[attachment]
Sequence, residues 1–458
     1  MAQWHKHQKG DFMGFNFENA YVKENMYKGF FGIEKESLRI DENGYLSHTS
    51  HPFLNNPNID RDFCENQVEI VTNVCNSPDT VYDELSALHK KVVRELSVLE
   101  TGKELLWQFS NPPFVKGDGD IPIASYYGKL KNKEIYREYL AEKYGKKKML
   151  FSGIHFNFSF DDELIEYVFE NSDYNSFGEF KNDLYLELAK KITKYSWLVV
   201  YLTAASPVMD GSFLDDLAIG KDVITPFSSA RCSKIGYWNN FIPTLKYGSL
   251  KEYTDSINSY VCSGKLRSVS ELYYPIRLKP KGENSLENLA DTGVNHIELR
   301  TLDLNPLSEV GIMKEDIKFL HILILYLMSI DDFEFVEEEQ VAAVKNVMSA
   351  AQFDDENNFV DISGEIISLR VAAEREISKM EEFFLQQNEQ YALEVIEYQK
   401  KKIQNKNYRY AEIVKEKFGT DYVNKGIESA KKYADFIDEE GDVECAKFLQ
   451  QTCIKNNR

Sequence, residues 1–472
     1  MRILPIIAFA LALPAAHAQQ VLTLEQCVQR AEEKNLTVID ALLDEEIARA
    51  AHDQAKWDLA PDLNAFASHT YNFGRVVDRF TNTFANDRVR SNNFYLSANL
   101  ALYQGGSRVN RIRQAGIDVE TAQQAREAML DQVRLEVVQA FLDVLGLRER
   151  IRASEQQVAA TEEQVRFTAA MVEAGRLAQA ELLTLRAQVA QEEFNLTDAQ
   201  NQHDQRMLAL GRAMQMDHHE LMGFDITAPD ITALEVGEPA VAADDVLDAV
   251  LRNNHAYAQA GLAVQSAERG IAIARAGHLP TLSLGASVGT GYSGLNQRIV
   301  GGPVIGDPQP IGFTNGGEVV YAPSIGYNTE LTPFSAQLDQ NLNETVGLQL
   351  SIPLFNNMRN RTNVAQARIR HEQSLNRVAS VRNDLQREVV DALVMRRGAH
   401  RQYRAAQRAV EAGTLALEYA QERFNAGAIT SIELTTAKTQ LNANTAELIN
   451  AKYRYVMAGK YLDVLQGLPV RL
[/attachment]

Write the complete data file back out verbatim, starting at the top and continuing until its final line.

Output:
Sequence, residues 1–458
     1  MAQWHKHQKG DFMGFNFENA YVKENMYKGF FGIEKESLRI DENGYLSHTS
    51  HPFLNNPNID RDFCENQVEI VTNVCNSPDT VYDELSALHK KVVRELSVLE
   101  TGKELLWQFS NPPFVKGDGD IPIASYYGKL KNKEIYREYL AEKYGKKKML
   151  FSGIHFNFSF DDELIEYVFE NSDYNSFGEF KNDLYLELAK KITKYSWLVV
   201  YLTAASPVMD GSFLDDLAIG KDVITPFSSA RCSKIGYWNN FIPTLKYGSL
   251  KEYTDSINSY VCSGKLRSVS ELYYPIRLKP KGENSLENLA DTGVNHIELR
   301  TLDLNPLSEV GIMKEDIKFL HILILYLMSI DDFEFVEEEQ VAAVKNVMSA
   351  AQFDDENNFV DISGEIISLR VAAEREISKM EEFFLQQNEQ YALEVIEYQK
   401  KKIQNKNYRY AEIVKEKFGT DYVNKGIESA KKYADFIDEE GDVECAKFLQ
   451  QTCIKNNR

Sequence, residues 1–472
     1  MRILPIIAFA LALPAAHAQQ VLTLEQCVQR AEEKNLTVID ALLDEEIARA
    51  AHDQAKWDLA PDLNAFASHT YNFGRVVDRF TNTFANDRVR SNNFYLSANL
   101  ALYQGGSRVN RIRQAGIDVE TAQQAREAML DQVRLEVVQA FLDVLGLRER
   151  IRASEQQVAA TEEQVRFTAA MVEAGRLAQA ELLTLRAQVA QEEFNLTDAQ
   201  NQHDQRMLAL GRAMQMDHHE LMGFDITAPD ITALEVGEPA VAADDVLDAV
   251  LRNNHAYAQA GLAVQSAERG IAIARAGHLP TLSLGASVGT GYSGLNQRIV
   301  GGPVIGDPQP IGFTNGGEVV YAPSIGYNTE LTPFSAQLDQ NLNETVGLQL
   351  SIPLFNNMRN RTNVAQARIR HEQSLNRVAS VRNDLQREVV DALVMRRGAH
   401  RQYRAAQRAV EAGTLALEYA QERFNAGAIT SIELTTAKTQ LNANTAELIN
   451  AKYRYVMAGK YLDVLQGLPV RL